The best news for Harvard is the emergence of its second and third lines. The Tyler Kolarik-Dom Moore-Rob Freid trio is one of the most potent and dangerous lines in the league, but the Crimson is beginning to show depth with strong performances from guys like Brett Nowak and Dennis Packard — two players who have already surpassed their point totals from last year — and freshman Tom Cavanaugh, who notched two goals against RPI on Saturday night.
“We thought we got a good player when he came,” said Mazzoleni of Cavanaugh. “His game is coming into form and he’s got great skill.”
“We’re starting to get a chemistry with three lines,” Mazzoleni continued. “We’ve got three lines that are working on the road. That Cavanaugh line [which also features last year’s ECAC Rookie of the Year Tim Pettit] can go out there and neutralize while the first two lines can generate the offense.”
Although the success of the first half of the season is impressive, it was also desperately necessary for the Crimson. Following the disruption caused by exams and the Beanpot, Harvard will jump into the toughest part of its season with two road trips up north and one to Princeton and Yale — traditionally a tough set of games for the team from Cambridge.
Speaking of Harvard’s two Ivy League rivals, the most highly-anticipated game of the weekend is surely the Crimson’s battle with Yale set for Saturday night. The Bulldogs are welcoming (with open arms) the return of freshman Chris Higgins who returns to the Yale lineup after flying across seas to compete with the U.S. World Junior team.
After turning heads in the ECAC during the first half of the season, Higgins did much the same abroad. The leading candidate for ECAC Rookie of the Year netted the game-winning goal in overtime in the fifth-place game against Sweden, led the U.S. team with four goals and six points and was named one of the top three U.S. players in the tournament.
In addition to Higgins’ return, Yale has a bit of momentum coming into this game, competing in a tough battle with New Hampshire and then Boston College. Following the 5-3 loss to the Wildcats, Yale head coach Tim Taylor was able to take away at least one positive.
“I thought we played hard. One of the things we’ve really tried to work on is to have a 60-minute effort. We got that,” said Taylor, who was able to put Higgins’ absence in perspective. “It’s a big loss. He’s our [UNH star Darren] Haydar out there, especially on the power play. But I do think it’s a great honor to have him playing for the U.S. team.”
One interesting note: Harvard owns a 20-1-3 mark against the Elis at the Bright Hockey Center since it opened in the 1979-80 season. The lone Bulldog victory came back in the 1997-98 season, 3-1, the year the Eli won the ECAC regular-season title.
Facing Princeton will also be an interesting experience for the Crimson. On Friday night, the Princeton Tigers enter Bright Hockey Center for their first tilt of the season. Princeton is coming off a weekend split with Bowling Green, a contest which saw the Tigers end a frustrating 0-for-14 stint on the power play. Freshman netminder Trevor Clay stopped a game-high 33 shots in the second contest, but it was not enough for the victory.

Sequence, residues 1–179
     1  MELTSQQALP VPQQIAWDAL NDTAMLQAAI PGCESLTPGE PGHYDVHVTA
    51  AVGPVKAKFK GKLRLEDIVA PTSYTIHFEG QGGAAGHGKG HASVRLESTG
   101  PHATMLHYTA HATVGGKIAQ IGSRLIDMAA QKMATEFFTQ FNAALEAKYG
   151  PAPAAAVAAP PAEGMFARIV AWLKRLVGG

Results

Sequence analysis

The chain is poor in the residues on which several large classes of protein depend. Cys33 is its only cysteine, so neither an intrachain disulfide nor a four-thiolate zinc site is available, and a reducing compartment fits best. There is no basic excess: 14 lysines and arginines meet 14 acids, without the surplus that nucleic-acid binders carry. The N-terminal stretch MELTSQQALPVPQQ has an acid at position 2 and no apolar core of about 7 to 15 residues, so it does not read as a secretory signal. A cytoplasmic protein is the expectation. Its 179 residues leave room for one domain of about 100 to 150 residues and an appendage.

“Trevor gave us a great effort and stopped a number of point-blank shots,” said Quesnelle. “We didn’t execute the little things that are necessary to win close games.”
A key to this contest will no doubt be special teams. While Princeton has struggled on its power play and after giving up three power-play goals to Bowling Green last weekend, the team will have to find a way to contain Harvard’s special team’s unit, especially its shorthanded unit which is the best in the league at this point.
Another factor this weekend will be the propensity for both Harvard and Brown to play better in their own rinks. After managing just one point last weekend, the Bears are itching to turn things around.
“The fact that we’re in a decent spot is good,” said Brown head coach Roger Grillo. “These next games for us are critical because we get out of the league before we hit the stretch run. I’m somewhat pleased and I like our team, I like our attitude and I like our character. We just have to tighten things up a little bit.”
Yann Danis has been the starter for Brown since relieving starter Brian Eklund during the disastrous third period against New Hampshire two weeks ago. Danis looked solid against Union and RPI, collecting 63 saves in the two games.
“Danis has been playing some good hockey for us and I have no complaints about our goaltending right now,” said Grillo. “We’re playing much better hockey at this early past of the season since I have been at Brown. The hard part is that people don’t realize that because we’re an Ivy school we get the late start and with Harvard and their exams, we play 11 league games right up front. We don’t have a lot of time to screw around and see what’s what. Sometimes it takes us half those games to figure out if we have a freshman that’s pretty good or if we have a goaltender that’s hot, you can’t fool around with that because you’re in league play.”
Buckle Down In Central N.Y.
Colgate has had a tough first half, but head into league play for the rest of the season with a stirring comeback overtime win over Iona last Sunday. With the new season, head coach Don Vaughan has tried to take a different tact to bring his team together.
“We tried to be a little more aggressive,” he said. “Earlier on the season we were playing a little more conservatively. Tonight, we tried to go up-tempo and tried to go aggressive on the forecheck. We’re trying to get some confidence in some guys and I think the only way to do it is to let the reins off at times.”